In installment 2 of the CEO Insights panel, we will share each CEO’s perspectives on day-to-day focus and priorities and their best and worst days as a CEO. They provide key takeaways for aspiring CEOs and leaders.
Revisiting part 1 of the 3 part series, let’s review who the panelists are:
I moderated the CEO Insights panel which included: Adam Cole – Founder and CEO of SIPPIO, Eric Hernaez – CEO of RabbitRun Technologies, Tom Joseph – Founder and CEO of White Label Communications, and Tony Lewis – Founder and CEO of Clearly IP. These four distinguished CEOs have all been a CEO multiple times and have founded and exited a multitude of companies.
The panel provided a behind-the-scenes look into the journeys each took to become a CEO, the challenges they face every day, and over the past 16 pandemic months. Each provided tips and guidance for those who wish to become a CEO or a senior executive leader in their career.
Focus and Execution
The question to each CEO panelist was, “Given the top-to-bottom list of responsibilities you have as a CEO, how do you determine what to focus on and how do you execute on that focus?”
There are some gems to learn from the panelist’s responses to this. Having experienced these scenarios with 9 rookie CEOs, on which I base my book, The Rookie CEO, You Can’t Make This Stuff Up!, this will be enlightening to some readers.
Eric: It’s a gut feel on what to focus on. As I am not a numbers focused leader to determine priorities, I know what needs to be done. My effort is inspiration of the team towards my vision and they will come up with the solution.
Tony: I agree with Eric, it’s a gut feeling. I know where we are going, what we need to do, and we march forward as a team. My team has many folks who have been with me in multiple companies and we know what to do. I don’t want “yes-men” but I do encourage discussion, if necessary. This is why I hire smarter people than me. I am a true believer in not being the smartest person in the room. I do not believe in laser focus, because if you are too sharply focused, you could miss what’s going on out there in the market with customers and competitors.
Adam: I have a great team, a hierarchical structure, and I trust my people to lead and align with my vision. We get laser-focused on the key priorities in front of us and meet on a regular basis. Since the pandemic, with remote workers, we have had more meetings and longer for operations, management team, and staff but recently we are working to cut the meetings in half to free up more time to get things done and for people to be available as needed rather than be in meetings.
Tom: Every project brings with it opportunity costs, so we evaluate each priority against the strategy to determine the return on investment for the customer and the company. Once we decide the priority, we execute lead by my great leadership team, great people, and metrics to measure progress.
Worst and Best days
This question was simple to ask, but I could see on the CEO’s faces the challenge of answering the question. Some CEOs know off the bat their highs and lows, while others had to consider how to state those days!
Adam: I have had no “terrible” days that I can recall, even though some days were not as good as others. As a seasoned veteran, Adam normalizes these days and takes things in stride. Get an interruption? Take care of it. In the SaaS world, the great days are the very first signed contract – the highest of highs. Any win, or closed deal, after a longer sales cycle, is a great day!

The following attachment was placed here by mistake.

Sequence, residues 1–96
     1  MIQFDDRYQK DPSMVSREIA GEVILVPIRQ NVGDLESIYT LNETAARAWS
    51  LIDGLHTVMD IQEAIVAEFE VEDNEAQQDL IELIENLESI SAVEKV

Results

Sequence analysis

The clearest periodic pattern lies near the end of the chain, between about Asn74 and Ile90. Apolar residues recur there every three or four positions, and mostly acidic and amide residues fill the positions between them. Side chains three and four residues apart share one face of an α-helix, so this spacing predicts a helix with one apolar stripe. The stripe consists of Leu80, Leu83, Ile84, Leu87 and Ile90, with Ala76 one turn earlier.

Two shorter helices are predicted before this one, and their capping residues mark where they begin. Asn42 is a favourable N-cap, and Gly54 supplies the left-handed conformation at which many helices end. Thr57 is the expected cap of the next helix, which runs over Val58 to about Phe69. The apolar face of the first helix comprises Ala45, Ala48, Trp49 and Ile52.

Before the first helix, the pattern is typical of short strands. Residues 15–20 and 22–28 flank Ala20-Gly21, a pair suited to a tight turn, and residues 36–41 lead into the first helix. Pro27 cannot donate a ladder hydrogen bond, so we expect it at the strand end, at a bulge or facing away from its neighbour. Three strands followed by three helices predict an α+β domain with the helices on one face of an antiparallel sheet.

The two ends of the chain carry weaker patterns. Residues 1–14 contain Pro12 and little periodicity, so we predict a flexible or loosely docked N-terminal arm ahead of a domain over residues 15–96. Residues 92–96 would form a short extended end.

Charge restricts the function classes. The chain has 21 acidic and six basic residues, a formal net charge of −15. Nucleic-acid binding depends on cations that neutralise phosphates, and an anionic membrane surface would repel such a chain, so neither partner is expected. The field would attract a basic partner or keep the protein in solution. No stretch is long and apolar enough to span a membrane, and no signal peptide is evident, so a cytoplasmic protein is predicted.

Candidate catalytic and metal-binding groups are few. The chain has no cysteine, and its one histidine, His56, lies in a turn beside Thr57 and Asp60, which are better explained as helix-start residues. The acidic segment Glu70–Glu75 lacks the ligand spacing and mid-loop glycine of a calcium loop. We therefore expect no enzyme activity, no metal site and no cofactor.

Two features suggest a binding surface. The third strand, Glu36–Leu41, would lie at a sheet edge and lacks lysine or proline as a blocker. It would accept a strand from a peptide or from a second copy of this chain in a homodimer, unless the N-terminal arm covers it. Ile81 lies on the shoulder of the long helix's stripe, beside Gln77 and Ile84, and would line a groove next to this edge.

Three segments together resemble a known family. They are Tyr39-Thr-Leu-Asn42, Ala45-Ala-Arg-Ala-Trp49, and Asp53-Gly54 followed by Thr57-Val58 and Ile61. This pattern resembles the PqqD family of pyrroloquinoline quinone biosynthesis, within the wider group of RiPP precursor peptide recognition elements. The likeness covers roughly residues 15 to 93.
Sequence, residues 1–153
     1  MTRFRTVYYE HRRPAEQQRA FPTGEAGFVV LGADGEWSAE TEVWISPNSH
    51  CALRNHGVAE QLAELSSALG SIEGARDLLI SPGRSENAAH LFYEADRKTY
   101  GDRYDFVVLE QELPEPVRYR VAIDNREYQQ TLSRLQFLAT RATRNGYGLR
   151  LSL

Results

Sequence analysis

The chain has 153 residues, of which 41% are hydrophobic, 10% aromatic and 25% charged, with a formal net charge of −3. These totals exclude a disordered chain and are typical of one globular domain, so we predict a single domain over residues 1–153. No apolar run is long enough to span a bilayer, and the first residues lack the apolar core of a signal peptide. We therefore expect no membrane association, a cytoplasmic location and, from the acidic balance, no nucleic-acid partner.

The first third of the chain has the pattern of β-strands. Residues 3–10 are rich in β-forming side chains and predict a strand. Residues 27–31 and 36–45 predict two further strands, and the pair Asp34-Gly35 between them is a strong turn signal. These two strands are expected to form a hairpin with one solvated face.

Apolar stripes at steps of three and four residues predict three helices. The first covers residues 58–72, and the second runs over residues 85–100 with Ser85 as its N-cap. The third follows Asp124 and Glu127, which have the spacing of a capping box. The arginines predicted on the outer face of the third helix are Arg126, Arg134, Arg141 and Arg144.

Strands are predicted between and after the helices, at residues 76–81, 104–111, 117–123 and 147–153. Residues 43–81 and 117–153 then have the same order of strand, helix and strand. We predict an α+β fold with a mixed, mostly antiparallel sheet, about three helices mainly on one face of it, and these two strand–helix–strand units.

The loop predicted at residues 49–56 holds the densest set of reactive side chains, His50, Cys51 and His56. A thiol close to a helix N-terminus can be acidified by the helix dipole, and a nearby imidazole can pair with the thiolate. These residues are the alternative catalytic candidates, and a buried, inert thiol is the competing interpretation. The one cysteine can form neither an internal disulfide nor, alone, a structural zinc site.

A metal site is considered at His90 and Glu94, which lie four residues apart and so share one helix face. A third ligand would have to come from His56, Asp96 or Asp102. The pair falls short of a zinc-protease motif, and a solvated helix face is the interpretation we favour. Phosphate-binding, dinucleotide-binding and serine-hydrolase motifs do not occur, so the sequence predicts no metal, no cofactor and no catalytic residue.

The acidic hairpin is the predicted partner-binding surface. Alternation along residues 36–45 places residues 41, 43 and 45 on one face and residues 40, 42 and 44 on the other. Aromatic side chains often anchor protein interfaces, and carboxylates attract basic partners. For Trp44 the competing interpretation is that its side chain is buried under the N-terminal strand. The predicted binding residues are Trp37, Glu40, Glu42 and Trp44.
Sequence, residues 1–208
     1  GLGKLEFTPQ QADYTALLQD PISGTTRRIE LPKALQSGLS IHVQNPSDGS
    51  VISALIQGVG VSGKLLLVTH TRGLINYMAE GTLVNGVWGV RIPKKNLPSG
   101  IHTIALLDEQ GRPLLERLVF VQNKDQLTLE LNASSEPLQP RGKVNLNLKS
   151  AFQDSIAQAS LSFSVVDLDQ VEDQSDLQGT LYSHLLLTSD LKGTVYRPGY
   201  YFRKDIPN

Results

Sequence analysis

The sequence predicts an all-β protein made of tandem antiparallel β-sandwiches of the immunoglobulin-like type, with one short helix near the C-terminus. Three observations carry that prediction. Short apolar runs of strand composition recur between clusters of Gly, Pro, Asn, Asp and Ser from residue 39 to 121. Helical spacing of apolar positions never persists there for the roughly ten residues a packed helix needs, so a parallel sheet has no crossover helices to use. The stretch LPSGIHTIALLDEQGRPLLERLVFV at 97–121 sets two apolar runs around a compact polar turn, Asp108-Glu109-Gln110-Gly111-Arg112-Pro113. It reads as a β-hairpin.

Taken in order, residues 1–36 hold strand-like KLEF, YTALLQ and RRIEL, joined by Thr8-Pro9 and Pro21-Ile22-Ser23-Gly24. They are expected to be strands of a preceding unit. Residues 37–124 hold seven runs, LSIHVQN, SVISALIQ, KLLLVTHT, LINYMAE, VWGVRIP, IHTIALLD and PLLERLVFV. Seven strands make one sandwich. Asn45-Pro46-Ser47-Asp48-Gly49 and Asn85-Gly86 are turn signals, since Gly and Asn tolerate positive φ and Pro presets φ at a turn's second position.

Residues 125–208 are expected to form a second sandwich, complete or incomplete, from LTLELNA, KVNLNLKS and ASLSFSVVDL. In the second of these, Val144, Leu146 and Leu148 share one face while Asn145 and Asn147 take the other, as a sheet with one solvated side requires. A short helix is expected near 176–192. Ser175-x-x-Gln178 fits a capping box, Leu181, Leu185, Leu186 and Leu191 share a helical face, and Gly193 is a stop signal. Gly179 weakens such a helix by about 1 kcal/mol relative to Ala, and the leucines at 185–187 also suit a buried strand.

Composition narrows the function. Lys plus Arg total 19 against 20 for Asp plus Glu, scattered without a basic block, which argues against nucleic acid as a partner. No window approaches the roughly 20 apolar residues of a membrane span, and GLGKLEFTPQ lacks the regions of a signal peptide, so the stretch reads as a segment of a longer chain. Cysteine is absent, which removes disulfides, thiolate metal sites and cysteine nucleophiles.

Eric: His worst day was easy – the data center and network were down. He was at the data center feeling helpless with no answers. Customers kept calling. He said he did whatever he had to do to keep customers. It was a learning experience for him, and he learned after that event, that things always get better. That event has helped him be prepared for the future.
Tom: Tom “takes it in stride” when things go bad. Bad moments always get better. He has a similar perspective to Adam. He too normalizes the issues which allows him to process any issue, build or follow a process around it, and make the experience better.
Tony: Outages, lawsuits and losing a staff member contribute to his worst days. They are all equally bad, with the loss of a team member being the worst days, but he believes to be your best to succeed. His best days were being acquired and launching new products or services that have taken a long time to develop and test.
In general, each CEO downplayed their worst days as “something always goes wrong, and we have to address it as soon as possible in the best positive light!”
What’s next in the series
The 3rd and final installment in the 3-part series will discuss advice each CEO might give today to themselves in their pre-CEO days, tips and advice for aspiring CEOs and leaders, and their final words. Please come back for this final installment for the best and final takeaways!
The journey of each CEO is different. I write about this concept in my book, and these CEOs shared their stories on the panel. One of the strong assets of solid proven CEOs is being vulnerable. All 4 CEOs provided insights into their vulnerability by both being on the panel and responding candidly. I am forever grateful for these distinguished CEOs who give their life and passion to their companies, their leadership teams, their employees, and their customers. Once again, a special thanks to the CEO panelists and to ITEXPO for supporting and promoting the panel!
Thank you for stopping by the CEOInsights blog, and I hope you come back soon to read part 3 of this series! Plus, much more CEO Insights content is planned for the days and weeks ahead including guest CEO posts, tips to gain back lost time and more.